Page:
Then, Season 4 brought the gang home literally and figuratively, with the final episodes drilling harder into these characters as they all finally settle into adulthood: Alfred’s (Brian Tyree Henry) stardom is confirmed, while Earn (Donald Glover) and Van (Zazie Beetz) commit to life together as a family, and Darius (Lakeith Stanfield) commits to his dream-like existence.

It’s not that Season 4 didn’t include its own wild swings (“The Goof Who Sat by the Door” might be the best episode of television aired this year), but the final season of Atlanta put the focus back on the characters we’d been following from the beginning, showcasing their journeys while never losing sight of what made this show special from the beginning. — L.S.M.

08. We Need to Talk About Cosby

Hannibal Buress Cosby Doc
Hannibal Buress Cosby Doc

We Need to Talk About Cosby (Showtime)

Created by: W. Kamau Bell
Network: Showtime

As the #MeToo era enters its next phase, one where the nuances of being “canceled” struggle to be understood, it makes sense to examine the legacy of one Dr. Bill Cosby, who spent decades being beloved by the world before the world found out about his horrifying history of sexual assault.

Writer/director W. Kamau Bell, a self-professed child of the Cosby generation, brings keen insight and empathy to this four-part series, which not only lets many of Cosby’s survivors speak about their experiences, but examines the cultural forces which kept Cosby’s crimes out of the spotlight for decades. It’s a complex, sharp, and essential exploration of a man who has been a symbol of so many different things over the years, and Bell and his producers are to be commended for the way they managed to adapt to the abrupt change in Cosby’s incarceration status while the documentary was still in production.

Cosby is currently a free man, and he may one day try to get his comedy career going again. Bell’s unflinching breakdown of how Cosby came to be, and how his actions affected so many, may not be the nail in the coffin for that effort. But it’s impossible to imagine watching Cosby now, and Bell is to be thanked for creating the definitive answer for why that is. — L.S.M.

07. Barry (Season 3)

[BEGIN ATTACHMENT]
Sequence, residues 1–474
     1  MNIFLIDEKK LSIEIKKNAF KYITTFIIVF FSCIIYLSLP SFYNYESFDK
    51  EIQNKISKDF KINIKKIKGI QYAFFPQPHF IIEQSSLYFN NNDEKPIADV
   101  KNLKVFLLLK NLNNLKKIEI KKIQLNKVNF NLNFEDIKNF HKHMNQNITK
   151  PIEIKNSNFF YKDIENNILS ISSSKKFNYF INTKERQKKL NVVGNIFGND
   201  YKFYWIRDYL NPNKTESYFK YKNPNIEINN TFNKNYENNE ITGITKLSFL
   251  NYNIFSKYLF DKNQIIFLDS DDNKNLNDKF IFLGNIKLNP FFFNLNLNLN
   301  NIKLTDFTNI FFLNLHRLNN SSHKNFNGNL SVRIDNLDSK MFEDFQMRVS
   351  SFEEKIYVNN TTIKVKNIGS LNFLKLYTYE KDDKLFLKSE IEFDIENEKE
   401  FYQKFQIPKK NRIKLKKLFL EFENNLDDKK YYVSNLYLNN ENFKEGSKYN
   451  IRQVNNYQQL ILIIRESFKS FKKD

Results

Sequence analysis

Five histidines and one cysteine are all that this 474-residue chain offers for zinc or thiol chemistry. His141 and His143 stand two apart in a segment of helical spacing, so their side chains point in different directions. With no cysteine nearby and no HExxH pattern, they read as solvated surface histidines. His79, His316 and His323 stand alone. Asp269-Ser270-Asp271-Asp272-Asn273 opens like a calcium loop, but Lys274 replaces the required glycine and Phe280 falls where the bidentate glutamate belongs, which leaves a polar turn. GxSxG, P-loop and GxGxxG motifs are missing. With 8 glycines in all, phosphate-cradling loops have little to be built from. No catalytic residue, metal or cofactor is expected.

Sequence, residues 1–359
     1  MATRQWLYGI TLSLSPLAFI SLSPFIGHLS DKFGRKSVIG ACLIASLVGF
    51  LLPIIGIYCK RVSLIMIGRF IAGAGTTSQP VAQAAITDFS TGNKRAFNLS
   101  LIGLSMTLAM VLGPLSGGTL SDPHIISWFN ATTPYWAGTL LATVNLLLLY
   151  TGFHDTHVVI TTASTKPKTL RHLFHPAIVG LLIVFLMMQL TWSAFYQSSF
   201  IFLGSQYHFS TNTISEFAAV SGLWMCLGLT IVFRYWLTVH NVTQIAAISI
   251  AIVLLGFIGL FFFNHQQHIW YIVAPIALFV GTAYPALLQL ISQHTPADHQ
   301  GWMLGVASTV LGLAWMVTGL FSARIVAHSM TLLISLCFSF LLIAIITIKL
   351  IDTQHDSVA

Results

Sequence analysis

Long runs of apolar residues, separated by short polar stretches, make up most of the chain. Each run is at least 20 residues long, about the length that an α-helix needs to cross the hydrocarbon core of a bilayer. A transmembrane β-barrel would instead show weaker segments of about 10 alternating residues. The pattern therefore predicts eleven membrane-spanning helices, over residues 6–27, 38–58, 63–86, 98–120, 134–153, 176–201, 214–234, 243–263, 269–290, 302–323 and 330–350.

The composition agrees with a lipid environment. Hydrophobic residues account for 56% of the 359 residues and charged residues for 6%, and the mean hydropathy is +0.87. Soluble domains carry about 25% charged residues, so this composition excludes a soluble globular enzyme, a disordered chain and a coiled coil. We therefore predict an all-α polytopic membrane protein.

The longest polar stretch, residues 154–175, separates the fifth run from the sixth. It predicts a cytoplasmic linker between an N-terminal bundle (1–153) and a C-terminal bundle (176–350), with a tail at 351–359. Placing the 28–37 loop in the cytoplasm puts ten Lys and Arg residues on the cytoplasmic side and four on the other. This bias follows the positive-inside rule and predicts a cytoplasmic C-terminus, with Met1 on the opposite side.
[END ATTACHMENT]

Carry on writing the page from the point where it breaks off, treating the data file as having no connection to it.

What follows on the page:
Barry Season 3 Review
Barry Season 3 Review

Barry (HBO)

Created by: Alex Berg, Bill Hader
Cast: Bill Hader, Stephen Root, Sarah Goldberg, Glenn Fleshler, Anthony Carrigan, Henry Winkler, Sarah Burns
Network: HBO

Remember when this show was a dark comedy, emphasis on the comedy? Somehow, though, even as Bill Hader and company slowly shift their focus from making us belly-laugh to making our skin crawl (especially the season finale, I mean, holy shit), the show continues to get better and better. Maybe we’re all just masochists.

Season 3 brings along with it a new Barry, one who’s far more broken, delusional, and morally reprehensible than ever before. As he attempts to navigate his relationship, acting career, and hitman responsibilities, his depression and inescapable past lead him down an increasingly chaotic path. Don’t worry, there are still plenty of laughs to be had — they’re just the type of laughs that make you feel slightly guilty afterward. — J.K.

06. What We Do in the Shadows (Season 4)

What We Do Shadows Season 4 Review
What We Do Shadows Season 4 Review

What We Do in the Shadows (FX)

Created by: Jemaine Clement
Cast: Kayvan Novak, Matt Berry, Natasia Demetriou, Harvey Guillén, Mark Proksch
Network: FX

Sunrise, sunset — it’s not just the Fiddler on the Roof number Matt Berry’s Laszlo belts during the finale (which shares its title), but the main vibe of the vampire mockumentary’s fourth season, still one of the best comedies on TV. Our vampire gang and friendly familiar Guillermo went through a lot of changes: Gizmo came out of the closet, Colin Robinson was reborn into an uncanny boy-child, Nandor explored married life and found himself wanting.

The more things change, the more they stay the same, though, and the show’s best gags revolve around our immortal subjects bristling against the sameness of life. But isn’t the existential ennui of repetition just the way of the sitcom? And this fractured family is still the most devious (and hilarious) in all of Neeww Yooorrkk Citttyyyyy. — C.W.

05. Abbott Elementary

Emmys Predictions 2022
Emmys Predictions 2022

Abbott Elementary (ABC)

Created by: Quinta Brunson
Cast: Quinta Brunson, Tyler James Williams, Janelle James, Lisa Ann Walter, Chris Perfetti, Sheryl Lee Ralph, William Stanford Davis
Network: ABC

As a workplace mockumentary, the easy comparison for Abbott Elementary is The Office, but the show’s setting in an underfunded elementary school gives it an extra dose of reality, and the characters feel fleshed out from the start. Creator Quinta Brunson gets a star-making turn as the ever-optimistic Janine Teagues, while Chris Perfetti’s overcompensating white ally Jacob Hill and the quiet grace of Sheryl Lee Ralph’s Barbara Howard are just a few of the standout performances in the excellent ensemble cast.

None of that would matter if the show wasn’t so damn funny, with a principal who cares more about being an influencer than doing her job and Janine ending up in ridiculous situations because she refuses to give up in even the most hopeless of circumstances. Though the show is a comedy at heart, it doesn’t shy away from the difficulties teachers face in the crumbling public school system. The real world could use more educators like Ms. Teagues, but at least Abbott Elementary can offer a dose of hope — and plenty of laughs — every week. — E.F.